Macurdy was elected to a three-year term on the Executive Committee of the American Philological Association in 1915 (which we women hailed as a recognition of us as the Philological Association has been so conservative about us). She was appointed to the chairmanship of the Greek department in 1919, a position she held until her retirement in 1937, and also served on the Managing Committee of the American School of Classical Studies in Athens from 1919 to 1937. Although she had previously made several brief trips to England and the continent, her first sabbatical in 1922-23 enabled her to travel through northern Greece and the Balkans and spend considerable time conducting research in the library of the British Museum. She subsequently spent most summers abroad, as well as a half year in 1930 and a full year in 1937-38, and her interest in Hellenistic history led her to follow Alexander the Great into Egypt and western Asia.
I must say the atmosphere of classical study in America is far from stimulating. Really I think the most living person I met there was Miss Macurdy of Vassar. She may be a little mad about the Paeonian Apollo, but it is the right sort of madness. (letter of J. A. K. Thomson to Gilbert Murray, 26 August 1921)
Outside of Vassar and her extended family, Macurdy's closest friends were all British classicists. She had met Gertrude Mary Hirst, a graduate of Newnham College in Cambridge University, when both were completing graduate degrees at Columbia. Hirst was hired to teach at Barnard College in 1901, and she and Macurdy became lifelong friends, visiting each other frequently. Macurdy's friendship with the famous Oxford classicist and man of letters Gilbert Murray began when she sent him the printed version of her dissertation. They met when Murray lectured at Vassar in 1907, and they conducted a warm correspondence until Grace's death in 1946. She occasionally visited the Murrays in Oxford. Though she and Murray were exactly the same age, there was always a touch of hero-worship in her attitude toward him, but her friendship with James Alexander Kerr Thomson, Professor of Classical Literature at King's College London from 1923 to 1945, was much more of a peer relationship, despite the fact that he was thirteen years younger. Thomson and Macurdy met when he was a visiting lecturer at Harvard, and they became close friends during the year he taught at Bryn Mawr as a leave replacement (1921-22). During her sabbatical the following year, Macurdy worked closely with Gilbert Murray to help secure a more permanent position for Thomson either in Britain or America, and their efforts finally bore fruit in the post at Kings College. Thereafter Macurdy saw Thomson frequently; her addresses in London were always close to his and they frequently travelled together in Europe. They also amassed a joint collection of classical artefacts; after Macurdy's death, half of the collection was given to Vassars Classical Museum and the other half to Oxfords Ashmolean Museum.
Family History: Grace Macurdy, like many other professional women of her era, never married, but throughout her life she maintained very close ties with her extended family. She jointly owned a summer house in North Falmouth, Massachusetts, with her sister Theodosia, a librarian in the Boston Public Library and the only other Macurdy sibling to remain single. Family legend has it that the house was built by a carpenter whose marriage proposal to Grace had been kindly but firmly refused. She kept in close touch with her eight nieces and nephews; in fact, her niece Theodosia Skinner and nephews Richard and Bradford Skinner lived with her for a time at Vassar after their mother, her widowed sister Edith, died in 1918.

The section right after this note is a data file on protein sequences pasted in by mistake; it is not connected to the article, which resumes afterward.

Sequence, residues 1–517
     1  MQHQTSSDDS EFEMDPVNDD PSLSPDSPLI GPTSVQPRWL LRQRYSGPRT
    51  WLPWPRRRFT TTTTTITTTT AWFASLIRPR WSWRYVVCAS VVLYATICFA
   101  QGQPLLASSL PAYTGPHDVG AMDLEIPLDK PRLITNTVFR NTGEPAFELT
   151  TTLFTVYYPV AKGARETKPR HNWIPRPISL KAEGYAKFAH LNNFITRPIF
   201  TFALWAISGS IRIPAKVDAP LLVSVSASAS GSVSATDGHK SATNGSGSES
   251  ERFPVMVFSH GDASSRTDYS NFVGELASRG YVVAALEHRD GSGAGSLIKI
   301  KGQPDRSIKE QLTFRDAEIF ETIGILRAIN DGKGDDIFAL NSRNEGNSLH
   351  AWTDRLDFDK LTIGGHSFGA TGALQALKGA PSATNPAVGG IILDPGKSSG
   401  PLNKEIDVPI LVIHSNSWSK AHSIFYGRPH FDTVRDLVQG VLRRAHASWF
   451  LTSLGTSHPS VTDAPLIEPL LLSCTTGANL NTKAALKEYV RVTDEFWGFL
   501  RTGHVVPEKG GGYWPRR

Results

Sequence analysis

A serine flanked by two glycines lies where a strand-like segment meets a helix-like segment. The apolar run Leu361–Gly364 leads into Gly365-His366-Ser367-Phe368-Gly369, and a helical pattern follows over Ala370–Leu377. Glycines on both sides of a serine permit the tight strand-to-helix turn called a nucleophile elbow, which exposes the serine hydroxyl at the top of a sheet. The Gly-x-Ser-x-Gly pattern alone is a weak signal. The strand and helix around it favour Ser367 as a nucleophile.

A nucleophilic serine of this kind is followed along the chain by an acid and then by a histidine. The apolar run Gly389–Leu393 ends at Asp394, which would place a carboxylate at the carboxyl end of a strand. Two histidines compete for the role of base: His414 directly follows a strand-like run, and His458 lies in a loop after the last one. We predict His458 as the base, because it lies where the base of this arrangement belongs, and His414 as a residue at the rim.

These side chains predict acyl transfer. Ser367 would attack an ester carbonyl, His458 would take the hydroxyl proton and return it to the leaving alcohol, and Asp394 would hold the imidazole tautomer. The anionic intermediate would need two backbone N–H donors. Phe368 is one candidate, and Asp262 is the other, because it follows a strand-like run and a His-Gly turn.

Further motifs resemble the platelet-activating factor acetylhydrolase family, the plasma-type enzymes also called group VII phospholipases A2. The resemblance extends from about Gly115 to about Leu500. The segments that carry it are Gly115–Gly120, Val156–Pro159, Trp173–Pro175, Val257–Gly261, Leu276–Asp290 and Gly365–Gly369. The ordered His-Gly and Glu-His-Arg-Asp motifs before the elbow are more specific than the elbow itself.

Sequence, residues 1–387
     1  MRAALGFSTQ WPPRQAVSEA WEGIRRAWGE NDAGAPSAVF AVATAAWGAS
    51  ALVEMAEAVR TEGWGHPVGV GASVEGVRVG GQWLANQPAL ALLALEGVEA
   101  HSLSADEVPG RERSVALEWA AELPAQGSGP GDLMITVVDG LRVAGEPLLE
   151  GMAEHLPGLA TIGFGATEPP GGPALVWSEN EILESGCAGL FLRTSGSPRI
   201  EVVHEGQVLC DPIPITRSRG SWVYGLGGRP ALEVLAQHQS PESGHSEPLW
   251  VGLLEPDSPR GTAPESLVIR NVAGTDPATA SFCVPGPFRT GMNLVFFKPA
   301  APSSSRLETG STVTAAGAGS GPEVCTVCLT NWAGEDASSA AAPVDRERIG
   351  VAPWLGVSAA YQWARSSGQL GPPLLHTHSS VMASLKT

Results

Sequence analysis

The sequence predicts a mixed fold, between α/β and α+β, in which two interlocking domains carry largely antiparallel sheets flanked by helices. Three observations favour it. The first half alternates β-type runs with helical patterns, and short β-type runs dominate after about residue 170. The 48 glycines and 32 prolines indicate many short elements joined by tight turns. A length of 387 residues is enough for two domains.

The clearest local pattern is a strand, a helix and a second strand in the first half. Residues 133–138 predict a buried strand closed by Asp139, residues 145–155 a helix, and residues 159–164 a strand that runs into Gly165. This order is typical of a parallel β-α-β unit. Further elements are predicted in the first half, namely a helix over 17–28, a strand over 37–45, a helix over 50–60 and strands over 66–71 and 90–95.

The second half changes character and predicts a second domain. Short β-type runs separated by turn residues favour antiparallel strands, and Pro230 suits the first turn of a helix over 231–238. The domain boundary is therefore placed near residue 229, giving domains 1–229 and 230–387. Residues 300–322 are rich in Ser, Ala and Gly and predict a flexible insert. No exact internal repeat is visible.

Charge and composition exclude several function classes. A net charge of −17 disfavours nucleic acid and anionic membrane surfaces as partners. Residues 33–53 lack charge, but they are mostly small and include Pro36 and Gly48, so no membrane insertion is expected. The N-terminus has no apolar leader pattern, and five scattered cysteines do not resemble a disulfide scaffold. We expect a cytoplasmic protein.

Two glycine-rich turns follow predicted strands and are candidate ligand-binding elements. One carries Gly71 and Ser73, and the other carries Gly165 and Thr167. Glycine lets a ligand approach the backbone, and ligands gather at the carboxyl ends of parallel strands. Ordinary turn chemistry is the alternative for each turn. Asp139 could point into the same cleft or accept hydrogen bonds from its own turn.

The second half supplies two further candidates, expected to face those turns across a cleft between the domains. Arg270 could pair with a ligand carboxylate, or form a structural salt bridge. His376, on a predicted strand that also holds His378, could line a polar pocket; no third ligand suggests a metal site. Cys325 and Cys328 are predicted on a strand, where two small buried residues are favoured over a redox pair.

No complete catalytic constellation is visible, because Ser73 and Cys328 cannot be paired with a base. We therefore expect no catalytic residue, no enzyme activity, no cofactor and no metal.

We have extraordinarily interesting and colorful ancestors. . . . We have all been brought up in great ignorance of our ancestors & the part they played in the early history and making of America. (letters of Grace Macurdy to her nephew Ernest Macurdy, 15 September 1934 and 10 September 1945)
|Grace with her niece Theodosia (daughter of Edith), flanked by her nephew Ernest (son of William), his wife Helen, and their children William Bradford Macurdy and June Harriet Macurdy, 1941|
One of Macurdy's last writing projects was to compile the family genealogy. At the behest of her cousin Horace W. McCurdy, a shipbuilder whose Puget Sound & Dry Dock Company was the second largest employer in Seattle in 1939, Grace undertook the arduous task of documenting the McCurdy family roots. In 1944 she sent to Horace a manuscript entitled Pioneer Ancestors of an American Family, 1620-1857. Much of the information she uncovered was published in 1963 as part of a book privately printed by Horace McCurdy, Genealogical History of James Winslow McCurdy and Neil Barclay McCurdy. Though her eyesight was steadily failing due to cataracts, Grace expanded her genealogical research to her mothers side of the family, discovering to her delight that she and her siblings could claim descent from eight of the twenty-two Mayflower passengers who left offspring, including Governor William Bradford.
During her last years, Macurdy was plagued by financial worries, particularly how she was going to pay for an expensive cataract operation so she could read and write again. She eventually raised the money by selling her summer house to her nephew Ernest. The operation was successful, but on October 23, 1946, she succumbed to breast cancer.Barbara F. McManus, <email@example.com>